My First Speech
Thank you, Mr Speaker, and congratulations on your recent appointment.
Without Canberra there would be no Australia. To borrow the words of Sir Henry Parkes: ‘The crimson thread of kinship runs through us all.’
Those threads are drawn together in this city. They run from every corner of this nation, and the knot that binds them is this House. But it could have been very different: 112 years ago, a four-state referendum on federation foundered in New South Wales. Although a majority said yes, support in New South Wales fell below the votes necessary for a mandate. Six months later, George Reid won amendments to the Constitution that dragged his state over the line. One was that the federal capital would be in New South Wales, no closer than 100 miles from Sydney. Many years and many more arguments would pass before the new federation settled on a capital, and a city to house a nation was built on Limestone Plains—a land that had been home to the Ngunnawal and Ngambri people for thousands of generations. Today I acknowledge the traditional custodians of this land and pay my respects to their elders past and present.
All of us are proud to be Australian. I hope that in my time here I might convince more Australians to be proud of our national capital, because without it, we would still be a collection of quaint, inwardlooking colonies bickering over what divides us, not a federation focusing on what unites us.
Like so many of my constituents, I was not born here. More than 20 years ago I chose to live in Canberra, and I am a fierce defender of my home. As a city built to house a government, it has many critics. But Canberra is as Australian as the bushland that surrounds and intertwines it. Australians know and love the bush and know its dangers. The 2003 bushfires that tore through the suburbs of my electorate, killed four people and destroyed 500 homes showed the courage and strength of our community and reminded Australia that the bush capital was their capital and that we are part of them.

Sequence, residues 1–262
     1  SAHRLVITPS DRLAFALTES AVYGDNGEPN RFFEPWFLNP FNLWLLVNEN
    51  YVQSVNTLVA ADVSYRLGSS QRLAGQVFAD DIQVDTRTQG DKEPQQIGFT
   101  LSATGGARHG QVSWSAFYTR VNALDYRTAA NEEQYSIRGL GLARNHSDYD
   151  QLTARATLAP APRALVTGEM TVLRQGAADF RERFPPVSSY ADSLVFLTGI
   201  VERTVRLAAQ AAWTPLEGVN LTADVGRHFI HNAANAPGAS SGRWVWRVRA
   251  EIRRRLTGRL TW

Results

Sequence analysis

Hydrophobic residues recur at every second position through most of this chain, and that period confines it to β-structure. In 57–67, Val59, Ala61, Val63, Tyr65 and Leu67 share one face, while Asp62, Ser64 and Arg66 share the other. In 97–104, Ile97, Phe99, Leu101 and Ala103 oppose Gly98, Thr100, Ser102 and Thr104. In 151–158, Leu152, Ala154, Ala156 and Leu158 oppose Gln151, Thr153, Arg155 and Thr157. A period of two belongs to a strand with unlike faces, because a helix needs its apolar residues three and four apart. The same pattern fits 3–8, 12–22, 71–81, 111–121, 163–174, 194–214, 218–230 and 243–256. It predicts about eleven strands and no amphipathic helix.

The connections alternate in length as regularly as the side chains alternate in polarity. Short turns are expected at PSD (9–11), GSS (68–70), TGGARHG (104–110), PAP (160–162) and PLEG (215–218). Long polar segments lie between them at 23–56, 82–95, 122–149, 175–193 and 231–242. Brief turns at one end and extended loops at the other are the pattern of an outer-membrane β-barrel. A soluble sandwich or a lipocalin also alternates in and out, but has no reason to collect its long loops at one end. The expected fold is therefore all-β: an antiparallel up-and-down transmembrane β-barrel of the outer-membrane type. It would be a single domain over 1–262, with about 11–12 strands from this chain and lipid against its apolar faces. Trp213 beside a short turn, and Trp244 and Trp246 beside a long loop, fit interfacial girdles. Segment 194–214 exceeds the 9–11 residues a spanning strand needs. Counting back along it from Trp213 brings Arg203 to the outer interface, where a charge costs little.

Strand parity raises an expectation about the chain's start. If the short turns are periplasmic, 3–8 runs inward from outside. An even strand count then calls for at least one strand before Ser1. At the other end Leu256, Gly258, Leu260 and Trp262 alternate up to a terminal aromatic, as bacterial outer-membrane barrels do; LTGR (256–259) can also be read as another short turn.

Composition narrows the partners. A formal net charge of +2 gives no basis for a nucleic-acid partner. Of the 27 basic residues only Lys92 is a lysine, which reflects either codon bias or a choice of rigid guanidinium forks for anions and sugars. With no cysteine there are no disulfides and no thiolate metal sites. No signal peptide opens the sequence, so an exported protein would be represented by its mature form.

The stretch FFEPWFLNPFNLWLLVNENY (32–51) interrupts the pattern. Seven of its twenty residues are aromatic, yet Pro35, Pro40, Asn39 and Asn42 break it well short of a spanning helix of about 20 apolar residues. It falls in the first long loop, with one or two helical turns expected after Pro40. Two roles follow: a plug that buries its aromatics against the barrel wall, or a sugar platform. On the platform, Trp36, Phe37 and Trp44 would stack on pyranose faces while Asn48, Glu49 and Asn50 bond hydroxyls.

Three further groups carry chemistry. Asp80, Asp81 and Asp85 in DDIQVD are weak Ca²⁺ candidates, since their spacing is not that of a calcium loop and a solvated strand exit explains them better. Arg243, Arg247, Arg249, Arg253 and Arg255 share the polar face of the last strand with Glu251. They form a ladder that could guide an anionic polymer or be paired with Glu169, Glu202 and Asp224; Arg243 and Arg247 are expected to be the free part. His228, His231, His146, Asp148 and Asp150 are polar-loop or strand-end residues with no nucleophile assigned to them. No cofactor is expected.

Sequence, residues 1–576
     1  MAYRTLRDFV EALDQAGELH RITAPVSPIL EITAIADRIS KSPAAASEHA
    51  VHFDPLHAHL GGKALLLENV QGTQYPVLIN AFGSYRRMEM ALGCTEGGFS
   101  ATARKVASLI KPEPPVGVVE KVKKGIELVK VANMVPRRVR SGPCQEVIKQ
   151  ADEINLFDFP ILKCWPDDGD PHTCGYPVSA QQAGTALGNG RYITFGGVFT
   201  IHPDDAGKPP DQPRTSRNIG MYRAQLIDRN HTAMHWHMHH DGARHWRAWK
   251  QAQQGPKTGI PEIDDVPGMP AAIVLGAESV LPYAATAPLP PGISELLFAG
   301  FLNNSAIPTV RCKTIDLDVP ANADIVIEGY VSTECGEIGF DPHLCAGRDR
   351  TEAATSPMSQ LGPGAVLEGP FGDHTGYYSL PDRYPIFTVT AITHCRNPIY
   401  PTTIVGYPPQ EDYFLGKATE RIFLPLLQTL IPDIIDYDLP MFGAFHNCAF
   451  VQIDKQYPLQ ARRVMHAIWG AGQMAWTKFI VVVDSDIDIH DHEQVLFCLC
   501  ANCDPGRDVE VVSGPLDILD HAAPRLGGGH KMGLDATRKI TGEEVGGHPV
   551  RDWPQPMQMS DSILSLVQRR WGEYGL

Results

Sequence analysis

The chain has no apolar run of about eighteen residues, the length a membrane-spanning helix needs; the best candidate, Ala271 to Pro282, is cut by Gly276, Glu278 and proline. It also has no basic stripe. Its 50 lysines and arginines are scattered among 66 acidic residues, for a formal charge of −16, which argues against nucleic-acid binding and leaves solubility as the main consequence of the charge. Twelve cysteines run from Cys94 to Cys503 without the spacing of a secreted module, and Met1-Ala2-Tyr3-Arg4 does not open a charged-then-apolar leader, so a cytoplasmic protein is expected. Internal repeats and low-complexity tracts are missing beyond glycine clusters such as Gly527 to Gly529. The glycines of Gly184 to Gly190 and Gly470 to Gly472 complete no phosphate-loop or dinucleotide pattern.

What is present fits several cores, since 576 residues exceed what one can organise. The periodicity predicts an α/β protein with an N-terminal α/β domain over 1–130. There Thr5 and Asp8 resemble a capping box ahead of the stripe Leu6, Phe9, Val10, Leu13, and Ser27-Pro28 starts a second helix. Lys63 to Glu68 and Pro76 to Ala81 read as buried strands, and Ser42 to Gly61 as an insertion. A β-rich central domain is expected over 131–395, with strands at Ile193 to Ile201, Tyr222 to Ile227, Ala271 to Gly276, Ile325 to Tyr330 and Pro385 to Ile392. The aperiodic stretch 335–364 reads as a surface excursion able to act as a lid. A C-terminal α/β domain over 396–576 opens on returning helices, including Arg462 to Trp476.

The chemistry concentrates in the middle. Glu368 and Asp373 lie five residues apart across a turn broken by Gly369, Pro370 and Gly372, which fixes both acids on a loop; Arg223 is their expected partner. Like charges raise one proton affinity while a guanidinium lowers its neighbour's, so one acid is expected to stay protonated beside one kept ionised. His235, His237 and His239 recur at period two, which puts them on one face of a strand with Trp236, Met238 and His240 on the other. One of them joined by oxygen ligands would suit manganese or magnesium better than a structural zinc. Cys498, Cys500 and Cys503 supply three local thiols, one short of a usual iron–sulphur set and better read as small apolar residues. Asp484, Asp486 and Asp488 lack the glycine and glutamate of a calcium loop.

My electorate is home to people from every part of Australia and every part of the world, who directly or indirectly work to serve the nation. Canberra is home to the most highly educated population in the country, but it is also home to people battling disadvantage and disability. Canberra is home to a community with a heart that provides shelter to refugees and the homeless, food to women seeking refuge and support to the infirm.
Canberra is home to the Prime Minister, the Governor-General and diplomats from every part of the globe. Canberra is home to children who love learning and love to sing, such as the boys and girls of Charles Conder and Gordon Primary, Malkara School, Holy Family and Canberra Girls Grammar—children liberated by state-of-the-art buildings and technology that will help them gain new skills and make better music thanks to the Gillard government. Canberra is home to places that preserve and share our history and culture, and it is home to this Parliament House—this people’s house. I want to thank the people of Canberra —in the Tuggeranong Valley, Weston Creek, Woden, the inner south, Oaks Estate and Tharwa—for putting your faith in me. As long as I am here I will listen to you and I will advocate for you. I will strive to represent you well, as Annette Ellis did.